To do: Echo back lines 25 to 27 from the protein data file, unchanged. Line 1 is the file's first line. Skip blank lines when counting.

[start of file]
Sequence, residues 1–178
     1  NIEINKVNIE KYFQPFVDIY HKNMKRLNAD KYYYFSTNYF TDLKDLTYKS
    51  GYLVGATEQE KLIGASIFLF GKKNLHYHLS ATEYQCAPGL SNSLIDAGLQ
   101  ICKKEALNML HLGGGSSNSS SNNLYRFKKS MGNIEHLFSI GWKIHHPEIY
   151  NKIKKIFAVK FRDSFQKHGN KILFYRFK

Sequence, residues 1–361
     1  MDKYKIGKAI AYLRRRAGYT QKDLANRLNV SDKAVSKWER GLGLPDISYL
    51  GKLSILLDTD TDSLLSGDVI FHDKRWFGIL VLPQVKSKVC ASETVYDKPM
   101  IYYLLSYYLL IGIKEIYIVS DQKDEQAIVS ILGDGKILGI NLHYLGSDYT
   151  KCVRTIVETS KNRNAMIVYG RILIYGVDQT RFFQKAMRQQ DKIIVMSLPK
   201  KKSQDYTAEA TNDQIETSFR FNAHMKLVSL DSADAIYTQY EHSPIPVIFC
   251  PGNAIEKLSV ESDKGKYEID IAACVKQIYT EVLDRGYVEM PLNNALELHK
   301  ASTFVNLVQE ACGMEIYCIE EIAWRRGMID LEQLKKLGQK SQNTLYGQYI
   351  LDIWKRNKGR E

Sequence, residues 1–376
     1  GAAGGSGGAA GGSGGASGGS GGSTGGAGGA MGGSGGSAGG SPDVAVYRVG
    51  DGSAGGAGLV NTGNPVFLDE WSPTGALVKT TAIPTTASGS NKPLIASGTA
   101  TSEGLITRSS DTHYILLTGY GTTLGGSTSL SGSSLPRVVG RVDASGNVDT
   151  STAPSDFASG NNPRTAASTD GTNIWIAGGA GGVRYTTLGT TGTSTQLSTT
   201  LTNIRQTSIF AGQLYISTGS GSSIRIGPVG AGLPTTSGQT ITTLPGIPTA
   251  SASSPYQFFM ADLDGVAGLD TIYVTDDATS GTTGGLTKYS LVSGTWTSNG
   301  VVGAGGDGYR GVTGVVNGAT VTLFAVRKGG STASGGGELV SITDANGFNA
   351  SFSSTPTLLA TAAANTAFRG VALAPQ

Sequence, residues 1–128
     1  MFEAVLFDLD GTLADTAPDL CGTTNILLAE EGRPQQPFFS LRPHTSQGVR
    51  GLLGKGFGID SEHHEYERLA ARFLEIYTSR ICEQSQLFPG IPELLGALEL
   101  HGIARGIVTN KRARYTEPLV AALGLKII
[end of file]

     1  MFEAVLFDLD GTLADTAPDL CGTTNILLAE EGRPQQPFFS LRPHTSQGVR
    51  GLLGKGFGID SEHHEYERLA ARFLEIYTSR ICEQSQLFPG IPELLGALEL
   101  HGIARGIVTN KRARYTEPLV AALGLKII